So what will stop the house price boom – prudential controls on lending, or higher interest rates? Actually, it will probably be a bit of both but the more effective the former, the less the burden will be on the latter.
Something has to stop it. In the long run the only sensible policy will be to build more homes, at least 250,000 a year, and build them in the places where people want to live. But in the short and medium-term something has to cap the rise for all sorts of reasons. You cannot have prices rising by 10 per cent a year when incomes rise by 2 per cent without grave social and economic consequences. When the bubble inevitably bursts, misery results.
Yet the immediate outlook is for another year of rising prices. Not only do very low interest rates make the cost of servicing housing debt quite affordable; the latest survey from Royal Institution of Chartered Surveyors suggests that the present very strong run of prices has at least another 18 months to go, and its members expect 6 per cent annual increases for the next five years. You can see the link between Rics surveys and prices over the past 20 years in the graph: strong survey data gives a lead indicator of what might happen to prices.
Everyone is worrying about this. The Organisation for Economic Cooperation and Development is worried, the Bank of England is worried, even the Chancellor is worried, notwithstanding the modest push from Help to Buy – though on a one-year view rising house prices may not be bad news for the Coalition. So what will happen?
The first question is what effect new prudential rules on lending will have. In a nutshell, lenders have to assure themselves that the loan they are making is in the self-interest of the borrower and that they will be able to service the loan. Now you may think that this would be the most elementary thing any lender should do before making a loan, and until about 20 years ago this was generally what they did. That went from the late 1990s onwards. Now it is being revived and in the past couple of months there has been a slackening in the pace of new mortgages. There will probably be further curbs on home lending in the next few weeks – they are under discussion.
Will we also need higher interest rates? Yes, of course, but the issue is one of timing. If these curbs have failed to check the housing boom by the autumn, the first increase in rates will probably be brought forward to November. There are further reasons why this might be necessary; for example as the increase in construction costs, which currently seems to be running at 15 to 20 per cent a year, starts to feed through into inflation more widely. If, on the other hand, there are signs in the autumn that house prices are topping out and inflation remains below target, the first increase in rates will be delayed until next year, probably February.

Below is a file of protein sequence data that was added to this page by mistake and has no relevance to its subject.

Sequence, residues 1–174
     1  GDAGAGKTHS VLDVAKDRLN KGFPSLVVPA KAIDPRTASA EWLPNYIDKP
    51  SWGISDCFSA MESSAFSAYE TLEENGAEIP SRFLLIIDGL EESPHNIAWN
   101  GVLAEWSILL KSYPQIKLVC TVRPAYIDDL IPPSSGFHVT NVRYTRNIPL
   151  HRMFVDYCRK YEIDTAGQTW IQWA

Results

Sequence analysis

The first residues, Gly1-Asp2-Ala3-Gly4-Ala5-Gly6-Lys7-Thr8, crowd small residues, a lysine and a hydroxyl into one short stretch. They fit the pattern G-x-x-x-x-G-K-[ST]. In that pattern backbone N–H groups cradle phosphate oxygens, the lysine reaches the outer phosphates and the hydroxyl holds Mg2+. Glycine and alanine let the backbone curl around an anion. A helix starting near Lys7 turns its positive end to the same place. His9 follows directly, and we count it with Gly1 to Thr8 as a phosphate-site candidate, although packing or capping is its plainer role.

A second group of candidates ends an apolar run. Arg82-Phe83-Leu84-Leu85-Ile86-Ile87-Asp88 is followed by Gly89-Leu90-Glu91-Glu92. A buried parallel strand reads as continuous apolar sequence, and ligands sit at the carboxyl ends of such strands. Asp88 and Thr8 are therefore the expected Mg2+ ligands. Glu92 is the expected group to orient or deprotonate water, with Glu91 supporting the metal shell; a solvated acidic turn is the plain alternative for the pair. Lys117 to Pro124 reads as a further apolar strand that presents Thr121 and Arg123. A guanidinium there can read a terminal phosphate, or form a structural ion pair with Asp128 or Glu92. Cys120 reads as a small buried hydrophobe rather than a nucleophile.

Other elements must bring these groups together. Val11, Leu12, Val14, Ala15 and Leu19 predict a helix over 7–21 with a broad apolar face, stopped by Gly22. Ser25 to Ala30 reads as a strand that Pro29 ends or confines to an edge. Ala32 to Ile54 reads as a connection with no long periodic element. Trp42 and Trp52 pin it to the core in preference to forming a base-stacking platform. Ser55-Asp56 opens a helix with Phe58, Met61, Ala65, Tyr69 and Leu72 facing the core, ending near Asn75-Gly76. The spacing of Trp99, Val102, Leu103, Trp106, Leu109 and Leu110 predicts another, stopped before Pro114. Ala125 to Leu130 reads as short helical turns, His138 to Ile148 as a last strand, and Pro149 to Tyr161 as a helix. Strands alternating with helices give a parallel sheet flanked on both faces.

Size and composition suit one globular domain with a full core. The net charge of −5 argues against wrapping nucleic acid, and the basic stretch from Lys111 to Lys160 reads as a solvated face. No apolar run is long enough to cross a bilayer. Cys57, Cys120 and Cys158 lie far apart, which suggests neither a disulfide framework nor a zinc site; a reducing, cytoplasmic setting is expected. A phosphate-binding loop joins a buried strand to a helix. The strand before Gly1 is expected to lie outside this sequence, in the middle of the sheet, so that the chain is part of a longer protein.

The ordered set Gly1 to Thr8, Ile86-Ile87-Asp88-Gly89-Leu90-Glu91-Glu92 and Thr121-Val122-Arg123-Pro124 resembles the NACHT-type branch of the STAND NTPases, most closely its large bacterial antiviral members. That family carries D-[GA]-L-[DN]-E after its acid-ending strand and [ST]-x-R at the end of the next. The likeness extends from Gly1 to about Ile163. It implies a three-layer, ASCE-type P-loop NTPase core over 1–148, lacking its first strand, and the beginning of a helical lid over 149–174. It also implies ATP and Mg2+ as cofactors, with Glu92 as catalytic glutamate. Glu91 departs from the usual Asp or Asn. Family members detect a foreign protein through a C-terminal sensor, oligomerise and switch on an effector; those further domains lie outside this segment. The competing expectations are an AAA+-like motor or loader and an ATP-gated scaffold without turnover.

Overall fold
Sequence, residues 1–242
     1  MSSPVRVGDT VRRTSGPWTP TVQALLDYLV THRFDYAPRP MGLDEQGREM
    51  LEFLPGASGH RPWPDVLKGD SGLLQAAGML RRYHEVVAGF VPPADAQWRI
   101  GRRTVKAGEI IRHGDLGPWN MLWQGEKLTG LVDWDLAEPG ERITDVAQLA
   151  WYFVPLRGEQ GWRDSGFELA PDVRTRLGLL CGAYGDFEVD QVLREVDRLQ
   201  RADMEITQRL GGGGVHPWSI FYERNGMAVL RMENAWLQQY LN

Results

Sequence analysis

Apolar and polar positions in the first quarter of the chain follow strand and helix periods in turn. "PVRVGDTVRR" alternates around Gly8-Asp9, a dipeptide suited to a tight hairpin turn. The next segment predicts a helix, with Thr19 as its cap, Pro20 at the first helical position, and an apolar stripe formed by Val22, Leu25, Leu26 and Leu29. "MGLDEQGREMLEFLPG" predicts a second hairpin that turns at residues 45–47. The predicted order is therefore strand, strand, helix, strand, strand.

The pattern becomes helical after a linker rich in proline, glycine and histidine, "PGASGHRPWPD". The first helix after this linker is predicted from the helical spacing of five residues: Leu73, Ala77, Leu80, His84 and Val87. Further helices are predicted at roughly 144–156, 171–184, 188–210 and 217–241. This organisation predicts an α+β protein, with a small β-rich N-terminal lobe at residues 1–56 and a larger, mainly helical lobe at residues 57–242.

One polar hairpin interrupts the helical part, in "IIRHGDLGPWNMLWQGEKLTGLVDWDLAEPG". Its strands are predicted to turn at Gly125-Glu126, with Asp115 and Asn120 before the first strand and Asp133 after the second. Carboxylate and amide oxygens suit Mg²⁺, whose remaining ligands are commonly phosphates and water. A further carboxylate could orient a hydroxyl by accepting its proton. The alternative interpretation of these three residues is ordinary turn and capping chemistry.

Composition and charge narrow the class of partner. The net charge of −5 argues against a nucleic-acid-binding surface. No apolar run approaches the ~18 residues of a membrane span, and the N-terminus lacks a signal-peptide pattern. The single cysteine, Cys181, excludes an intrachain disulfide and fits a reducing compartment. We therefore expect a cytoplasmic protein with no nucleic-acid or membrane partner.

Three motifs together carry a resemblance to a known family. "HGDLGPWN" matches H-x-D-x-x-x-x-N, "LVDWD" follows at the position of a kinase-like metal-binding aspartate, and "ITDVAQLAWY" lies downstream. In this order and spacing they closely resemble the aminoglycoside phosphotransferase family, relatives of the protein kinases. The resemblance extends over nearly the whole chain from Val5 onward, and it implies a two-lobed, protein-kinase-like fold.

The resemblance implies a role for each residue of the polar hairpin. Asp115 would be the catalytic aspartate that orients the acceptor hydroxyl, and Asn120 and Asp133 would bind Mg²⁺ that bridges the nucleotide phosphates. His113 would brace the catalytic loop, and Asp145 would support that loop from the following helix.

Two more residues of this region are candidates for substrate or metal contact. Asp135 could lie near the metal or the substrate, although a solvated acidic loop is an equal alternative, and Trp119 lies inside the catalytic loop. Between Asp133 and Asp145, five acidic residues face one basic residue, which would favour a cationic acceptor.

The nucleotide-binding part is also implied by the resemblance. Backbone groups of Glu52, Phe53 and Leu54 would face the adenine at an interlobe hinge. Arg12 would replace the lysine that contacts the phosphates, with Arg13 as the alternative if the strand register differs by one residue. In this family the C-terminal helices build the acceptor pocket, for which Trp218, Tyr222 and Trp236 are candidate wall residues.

The more important message that Mark Carney, the Governor of the Bank of England, and some other members of the Monetary Policy Committee have been seeking to get across is that even when rates do start to rise, the increases will be modest. The new normal for short-term rates might be in the 2 to 3 per cent region, rather than the 4 to 5 per cent range that they were generally prior to the crisis. That makes some sense for the business community and if you go back to the 1950s or early 1960s, before the great inflation took off, this would indeed be normal. The signal it gives to home buyers, though, is that they are reasonably safe remaining highly geared, or in plainer language, over-borrowed.
You don't want to have interest rates higher than they need to be, and the rise in sterling (now only a whisker below $1.70 and close to its year's high against the euro) has the effect of tightening policy. But some of us believe more generally that monetary policy is now too loose, given that the economy seems to be growing at an annual rate of around 4 per cent and putting on jobs at a rate of around one million a year. This is well above the long-term sustainable trend and while it is great to be mopping up spare capacity, it is worrying just how quickly that capacity, for example in construction, is being used up. I suppose there is not much practical difference between an increase in rates coming in November or coming in February, but I think it is important for the Bank to signal that it cares about asset inflation as well as current inflation. Andy Haldane, soon to become the chief economist there, made some thoughtful remarks a few days ago on the need to pay attention to asset prices. Expect his concern to become a more important influence in framing monetary policy in the months ahead.
So what will happen? A middle-of-the-road view would run like this: there will indeed be further rises in house prices for another year or two, but at some stage this combination of greater prudential curbs on lending, plus somewhat higher rates, will put some sort of ceiling on overall price levels. However UK prices, particularly in London and the South-east, will remain high by world standards. Even if planning controls are eased, which they will be to some extent, demand will remain strong.
Politicians will respond, so schemes such as the Help to Buy one will remain in place for some time, a point made by Lombard Street Research in a paper out yesterday. Eventually the market will plateau, and the sooner that happens the less likelihood there is of yet another bust.